I just finished reading someone else’s diary.
Well, it was really called a journal, and it wasn’t like I was snooping. Although it felt like it at times.
This is the second time I’ve read through The Journals of Jim Elliot, a lengthy (480 pages!) compilation of personal entries starting in his college years. His widow, Elisabeth, published it some 46 years after his death at the hands of Auca Indians.
He wrote about things he learned in his quiet times and Bible classes. He wrote of his struggle about whether or not to marry Elisabeth. He wrote about his passion for God and his feelings of inadequacy. He wrote about his love for the people of Ecuador. It was all very intense and honest.
Of course it was intense and honest. It was his journal.
He might not have intended for anyone else to read it, much less have it become so public, but there is something fascinating and moving about reading someone’s thoughts and words when you know how his story ended. You can see the thread God was weaving in his life and see that even random musings and events had a purpose and a part in what God was ultimately going to require of him.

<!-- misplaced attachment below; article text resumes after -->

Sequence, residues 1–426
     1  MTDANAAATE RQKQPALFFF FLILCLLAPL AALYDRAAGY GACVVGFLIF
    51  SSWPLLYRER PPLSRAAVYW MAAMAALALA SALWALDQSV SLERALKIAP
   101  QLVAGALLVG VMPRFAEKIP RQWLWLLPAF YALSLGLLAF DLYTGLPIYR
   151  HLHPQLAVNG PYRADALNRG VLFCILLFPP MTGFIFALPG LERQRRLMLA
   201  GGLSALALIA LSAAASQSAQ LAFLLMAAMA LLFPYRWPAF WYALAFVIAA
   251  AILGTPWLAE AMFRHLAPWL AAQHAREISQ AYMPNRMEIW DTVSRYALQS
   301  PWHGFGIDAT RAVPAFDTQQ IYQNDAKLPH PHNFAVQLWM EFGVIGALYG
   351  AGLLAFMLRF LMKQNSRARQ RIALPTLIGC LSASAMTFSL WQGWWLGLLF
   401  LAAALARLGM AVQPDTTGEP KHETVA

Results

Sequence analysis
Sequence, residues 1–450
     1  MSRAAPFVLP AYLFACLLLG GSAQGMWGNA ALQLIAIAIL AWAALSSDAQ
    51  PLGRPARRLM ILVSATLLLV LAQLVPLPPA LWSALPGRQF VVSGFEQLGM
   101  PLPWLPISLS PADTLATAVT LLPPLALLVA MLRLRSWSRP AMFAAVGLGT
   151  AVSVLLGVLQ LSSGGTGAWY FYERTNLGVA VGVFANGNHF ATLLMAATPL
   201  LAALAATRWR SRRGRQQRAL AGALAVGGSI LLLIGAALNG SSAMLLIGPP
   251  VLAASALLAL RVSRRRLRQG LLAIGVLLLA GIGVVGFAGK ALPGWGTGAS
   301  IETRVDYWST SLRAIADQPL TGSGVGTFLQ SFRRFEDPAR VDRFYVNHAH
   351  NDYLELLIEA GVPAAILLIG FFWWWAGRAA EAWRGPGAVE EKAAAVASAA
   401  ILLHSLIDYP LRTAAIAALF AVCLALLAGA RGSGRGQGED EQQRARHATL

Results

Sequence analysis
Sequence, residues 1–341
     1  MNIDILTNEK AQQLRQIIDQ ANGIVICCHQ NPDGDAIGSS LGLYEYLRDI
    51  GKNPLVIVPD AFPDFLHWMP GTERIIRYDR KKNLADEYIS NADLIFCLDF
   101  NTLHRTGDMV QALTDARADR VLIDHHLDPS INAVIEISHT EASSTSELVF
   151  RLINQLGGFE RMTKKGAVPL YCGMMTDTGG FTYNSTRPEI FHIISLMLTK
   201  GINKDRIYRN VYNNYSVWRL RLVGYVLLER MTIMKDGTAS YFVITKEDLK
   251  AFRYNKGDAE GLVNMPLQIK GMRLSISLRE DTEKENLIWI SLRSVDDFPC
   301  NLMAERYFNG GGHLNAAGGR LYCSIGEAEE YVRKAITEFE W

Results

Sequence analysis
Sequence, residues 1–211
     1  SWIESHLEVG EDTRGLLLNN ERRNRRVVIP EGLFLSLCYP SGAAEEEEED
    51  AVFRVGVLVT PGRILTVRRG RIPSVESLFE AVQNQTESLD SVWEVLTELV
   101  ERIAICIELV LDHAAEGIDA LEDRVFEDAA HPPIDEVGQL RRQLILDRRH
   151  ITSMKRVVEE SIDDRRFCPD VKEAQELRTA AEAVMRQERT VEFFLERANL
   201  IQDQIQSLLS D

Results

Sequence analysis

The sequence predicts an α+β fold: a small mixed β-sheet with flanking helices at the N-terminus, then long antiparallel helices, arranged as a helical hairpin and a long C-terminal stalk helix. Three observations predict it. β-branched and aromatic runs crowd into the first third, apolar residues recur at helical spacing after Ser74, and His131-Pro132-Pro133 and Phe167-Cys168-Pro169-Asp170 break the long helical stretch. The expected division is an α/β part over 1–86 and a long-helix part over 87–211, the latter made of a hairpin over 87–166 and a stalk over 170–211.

It made me think about the things that happen in my life. And while I don’t journal everything, I do try to write down the things God is showing me, the things I don’t understand, the things I’m passionate about. And I do like to go back and read my past entries and see them in light of what God is doing and what requiring of me today.
Tolstoy, I believe, once wrote that between the lines of what we write in a journal is the outline of our future. (Gordon T. Smith)
I’m glad I journal. But don’t bet on them getting published someday. I don’t think I want to be that transparent to the public. Yet if I can look back over my notebooks and papers and recorded thoughts and share with others how God has indeed been orchestrating an amazing story in my life, I’ll have a glimpse of the plan.
Because as I’ve said so many times before, God always has a plan.
But as for you, you meant evil against me; but God meant it for good, in order to bring it about as it is this day, to save many people alive. Genesis 50:20
And we know that all things work together for good to those who love God, to those who are the called according to His purpose. Romans 8:28
And you shall remember that the LORD your God led you all the way these forty years in the wilderness, to humble you and test you, to know what was in your heart, whether you would keep His commandments or not. Deuteronomy 8:2
That the genuineness of your faith, being much more precious than gold that perishes, though it is tested by fire, may be found to praise, honor, and glory at the revelation of Jesus Christ. 1 Peter 1:7